Conversely, Jennifer Lopez is his perfect foil as a smart, tough law enforcement officer who can’t help but fall in love with this charismatic criminal. She is a very attractive woman but not above wielding a shotgun to apprehend a fugitive. There is a genuine chemistry between the two actors that makes their romance work. And it is this relationship that gives Out of Sight its depth. There is more to this movie than snappy banter and a hip soundtrack.
A killer cast supports the two lead actors. Steve Zahn, an underrated character actor, is perfect as Glen, a stoner screw-up who looks up to Jack but is a royal pain in the ass. Dennis Farina plays Karen’s laid-back dad who buys his daughter a handgun for her birthday and just wants to see her married to a lawyer or a doctor. Albert Brooks is Richard Ripley, a bumbling white-collar criminal type who is in way over his head and sports a truly awful toupee. Don Cheadle plays “Snoopy” Miller, a tough guy-wannabe that is a classic schoolyard bully. Rounding this cast out is Ving Rhames, Jack’s tough, God-fearing partner in crime.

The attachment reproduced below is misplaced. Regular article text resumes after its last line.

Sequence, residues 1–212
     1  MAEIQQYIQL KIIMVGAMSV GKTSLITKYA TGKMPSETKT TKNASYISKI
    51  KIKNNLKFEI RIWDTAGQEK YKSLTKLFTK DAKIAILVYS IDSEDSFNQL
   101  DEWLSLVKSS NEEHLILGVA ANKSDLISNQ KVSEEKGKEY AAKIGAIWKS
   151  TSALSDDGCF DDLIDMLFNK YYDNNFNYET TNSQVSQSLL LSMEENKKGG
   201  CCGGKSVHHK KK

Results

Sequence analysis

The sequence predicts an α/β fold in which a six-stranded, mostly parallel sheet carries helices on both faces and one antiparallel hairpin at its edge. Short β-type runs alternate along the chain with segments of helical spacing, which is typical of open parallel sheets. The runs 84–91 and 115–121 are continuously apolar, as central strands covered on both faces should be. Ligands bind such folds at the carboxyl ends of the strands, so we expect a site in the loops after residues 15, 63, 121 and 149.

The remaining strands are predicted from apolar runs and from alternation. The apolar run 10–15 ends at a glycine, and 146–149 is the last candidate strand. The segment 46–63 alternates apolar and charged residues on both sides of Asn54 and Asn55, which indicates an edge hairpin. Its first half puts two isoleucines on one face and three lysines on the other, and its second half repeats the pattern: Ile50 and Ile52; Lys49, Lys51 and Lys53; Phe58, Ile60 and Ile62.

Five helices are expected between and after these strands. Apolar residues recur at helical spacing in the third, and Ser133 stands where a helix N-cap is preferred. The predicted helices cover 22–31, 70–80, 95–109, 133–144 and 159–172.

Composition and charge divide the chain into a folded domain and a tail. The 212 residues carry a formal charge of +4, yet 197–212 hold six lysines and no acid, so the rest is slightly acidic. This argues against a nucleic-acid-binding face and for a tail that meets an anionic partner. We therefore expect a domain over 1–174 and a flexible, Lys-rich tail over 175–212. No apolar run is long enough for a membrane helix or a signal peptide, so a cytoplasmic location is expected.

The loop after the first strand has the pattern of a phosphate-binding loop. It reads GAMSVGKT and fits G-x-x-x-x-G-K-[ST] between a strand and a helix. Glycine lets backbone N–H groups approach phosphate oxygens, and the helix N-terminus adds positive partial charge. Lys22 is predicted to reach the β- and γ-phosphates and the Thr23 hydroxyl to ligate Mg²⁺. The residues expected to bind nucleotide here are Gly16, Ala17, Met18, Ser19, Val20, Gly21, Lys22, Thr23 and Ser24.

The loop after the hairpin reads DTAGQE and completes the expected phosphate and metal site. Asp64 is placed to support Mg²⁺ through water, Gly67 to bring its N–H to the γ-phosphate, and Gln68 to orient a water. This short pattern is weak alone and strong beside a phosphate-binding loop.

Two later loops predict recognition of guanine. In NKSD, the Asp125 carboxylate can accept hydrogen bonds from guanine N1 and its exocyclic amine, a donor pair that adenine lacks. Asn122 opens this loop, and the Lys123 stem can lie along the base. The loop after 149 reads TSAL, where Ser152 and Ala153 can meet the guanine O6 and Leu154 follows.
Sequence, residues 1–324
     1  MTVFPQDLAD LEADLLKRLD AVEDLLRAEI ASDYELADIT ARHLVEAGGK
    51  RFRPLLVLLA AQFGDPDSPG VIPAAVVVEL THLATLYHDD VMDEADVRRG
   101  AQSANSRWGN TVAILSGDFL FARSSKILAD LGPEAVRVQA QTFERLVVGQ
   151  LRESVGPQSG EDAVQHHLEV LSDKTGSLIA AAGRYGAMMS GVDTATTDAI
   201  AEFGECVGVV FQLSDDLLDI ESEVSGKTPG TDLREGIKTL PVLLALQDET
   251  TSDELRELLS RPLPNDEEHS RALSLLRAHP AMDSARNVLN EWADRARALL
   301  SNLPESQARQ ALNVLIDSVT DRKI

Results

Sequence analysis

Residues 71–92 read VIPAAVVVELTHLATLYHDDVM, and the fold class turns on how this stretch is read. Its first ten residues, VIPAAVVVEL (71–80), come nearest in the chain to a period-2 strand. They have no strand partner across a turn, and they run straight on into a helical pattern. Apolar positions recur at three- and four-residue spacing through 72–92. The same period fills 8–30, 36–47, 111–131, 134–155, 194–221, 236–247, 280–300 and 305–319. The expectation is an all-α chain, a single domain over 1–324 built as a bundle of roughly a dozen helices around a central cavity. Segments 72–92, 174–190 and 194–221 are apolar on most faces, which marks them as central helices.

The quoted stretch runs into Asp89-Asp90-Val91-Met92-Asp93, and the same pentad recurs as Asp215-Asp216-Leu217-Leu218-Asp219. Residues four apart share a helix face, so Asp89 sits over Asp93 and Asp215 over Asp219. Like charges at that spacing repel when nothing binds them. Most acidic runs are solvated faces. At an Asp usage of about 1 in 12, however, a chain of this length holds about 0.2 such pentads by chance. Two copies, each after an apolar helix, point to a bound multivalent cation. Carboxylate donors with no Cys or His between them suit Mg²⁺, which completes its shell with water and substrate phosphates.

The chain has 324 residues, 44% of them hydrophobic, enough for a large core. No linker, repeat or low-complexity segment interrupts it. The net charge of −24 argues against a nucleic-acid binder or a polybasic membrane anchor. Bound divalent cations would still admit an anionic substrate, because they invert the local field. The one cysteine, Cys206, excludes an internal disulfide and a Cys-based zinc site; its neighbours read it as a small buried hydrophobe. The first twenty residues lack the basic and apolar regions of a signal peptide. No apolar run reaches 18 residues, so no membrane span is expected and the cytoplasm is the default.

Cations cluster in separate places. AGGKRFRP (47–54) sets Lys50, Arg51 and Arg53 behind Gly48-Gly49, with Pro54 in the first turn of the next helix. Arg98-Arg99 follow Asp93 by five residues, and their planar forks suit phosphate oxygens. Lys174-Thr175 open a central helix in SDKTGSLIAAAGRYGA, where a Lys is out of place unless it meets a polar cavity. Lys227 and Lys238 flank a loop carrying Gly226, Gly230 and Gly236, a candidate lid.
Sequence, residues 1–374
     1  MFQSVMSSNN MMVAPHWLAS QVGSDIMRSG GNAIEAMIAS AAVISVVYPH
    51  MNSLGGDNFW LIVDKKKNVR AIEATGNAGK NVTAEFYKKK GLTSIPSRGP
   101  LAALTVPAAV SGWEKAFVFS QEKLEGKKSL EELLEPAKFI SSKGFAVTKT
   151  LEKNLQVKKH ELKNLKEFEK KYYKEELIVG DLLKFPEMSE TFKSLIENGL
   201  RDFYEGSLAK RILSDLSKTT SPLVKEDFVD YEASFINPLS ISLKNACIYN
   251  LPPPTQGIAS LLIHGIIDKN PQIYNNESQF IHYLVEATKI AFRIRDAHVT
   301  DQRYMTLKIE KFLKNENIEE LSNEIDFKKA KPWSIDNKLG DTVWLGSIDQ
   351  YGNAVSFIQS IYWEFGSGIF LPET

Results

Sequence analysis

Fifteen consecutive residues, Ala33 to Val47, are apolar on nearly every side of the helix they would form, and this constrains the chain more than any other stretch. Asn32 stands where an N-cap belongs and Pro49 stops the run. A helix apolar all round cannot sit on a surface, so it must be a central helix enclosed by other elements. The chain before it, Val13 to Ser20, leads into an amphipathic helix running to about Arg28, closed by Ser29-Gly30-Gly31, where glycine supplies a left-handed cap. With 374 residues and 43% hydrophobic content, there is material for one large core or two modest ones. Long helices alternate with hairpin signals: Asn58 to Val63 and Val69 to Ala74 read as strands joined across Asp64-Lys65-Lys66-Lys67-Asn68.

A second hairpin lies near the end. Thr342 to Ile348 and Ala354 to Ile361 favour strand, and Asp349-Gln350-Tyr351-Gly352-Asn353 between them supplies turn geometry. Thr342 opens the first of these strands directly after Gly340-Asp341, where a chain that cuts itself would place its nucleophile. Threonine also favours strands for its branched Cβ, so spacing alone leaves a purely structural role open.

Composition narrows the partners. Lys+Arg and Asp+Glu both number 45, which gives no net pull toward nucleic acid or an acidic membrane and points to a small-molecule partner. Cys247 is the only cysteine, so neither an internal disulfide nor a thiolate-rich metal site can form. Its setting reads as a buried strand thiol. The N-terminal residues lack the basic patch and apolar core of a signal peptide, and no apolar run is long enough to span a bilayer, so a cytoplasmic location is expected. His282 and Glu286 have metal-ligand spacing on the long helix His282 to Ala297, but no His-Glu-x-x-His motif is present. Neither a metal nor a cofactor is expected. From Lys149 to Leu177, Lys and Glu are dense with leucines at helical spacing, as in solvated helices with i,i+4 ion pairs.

David Holmes’ catchy R&B score comes in and instantly transports the viewer into this world. He mixes in his own brand of funky electronica with old school tunes from the likes of the Isley brothers and Willie Bobo. From the atmospheric noises in the background to Holmes’ superb trip hop beats; this is a great sounding movie.
Right from the impressive animated menus that feature key moments from the movie (complete with the appropriate mood music from the soundtrack), you know that a lot of effort and care went into this disc and this is obvious in the excellent supplemental materials that are included.